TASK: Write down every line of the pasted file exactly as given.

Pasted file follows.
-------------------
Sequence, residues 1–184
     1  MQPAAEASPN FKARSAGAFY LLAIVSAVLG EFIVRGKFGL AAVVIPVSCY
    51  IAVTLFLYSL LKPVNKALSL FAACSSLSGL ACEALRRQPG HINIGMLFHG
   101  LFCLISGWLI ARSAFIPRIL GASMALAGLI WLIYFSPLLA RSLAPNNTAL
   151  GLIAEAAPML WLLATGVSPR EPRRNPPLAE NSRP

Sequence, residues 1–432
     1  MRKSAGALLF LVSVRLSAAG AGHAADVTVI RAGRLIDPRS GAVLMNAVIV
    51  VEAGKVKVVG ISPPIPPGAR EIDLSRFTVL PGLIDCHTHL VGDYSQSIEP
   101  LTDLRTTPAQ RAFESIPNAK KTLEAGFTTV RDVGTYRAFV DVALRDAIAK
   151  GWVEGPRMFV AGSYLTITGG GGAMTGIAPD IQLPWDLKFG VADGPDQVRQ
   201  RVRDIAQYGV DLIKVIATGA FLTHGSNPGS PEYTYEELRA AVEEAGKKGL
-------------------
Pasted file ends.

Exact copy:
Sequence, residues 1–184
     1  MQPAAEASPN FKARSAGAFY LLAIVSAVLG EFIVRGKFGL AAVVIPVSCY
    51  IAVTLFLYSL LKPVNKALSL FAACSSLSGL ACEALRRQPG HINIGMLFHG
   101  LFCLISGWLI ARSAFIPRIL GASMALAGLI WLIYFSPLLA RSLAPNNTAL
   151  GLIAEAAPML WLLATGVSPR EPRRNPPLAE NSRP

Sequence, residues 1–432
     1  MRKSAGALLF LVSVRLSAAG AGHAADVTVI RAGRLIDPRS GAVLMNAVIV
    51  VEAGKVKVVG ISPPIPPGAR EIDLSRFTVL PGLIDCHTHL VGDYSQSIEP
   101  LTDLRTTPAQ RAFESIPNAK KTLEAGFTTV RDVGTYRAFV DVALRDAIAK
   151  GWVEGPRMFV AGSYLTITGG GGAMTGIAPD IQLPWDLKFG VADGPDQVRQ
   201  RVRDIAQYGV DLIKVIATGA FLTHGSNPGS PEYTYEELRA AVEEAGKKGL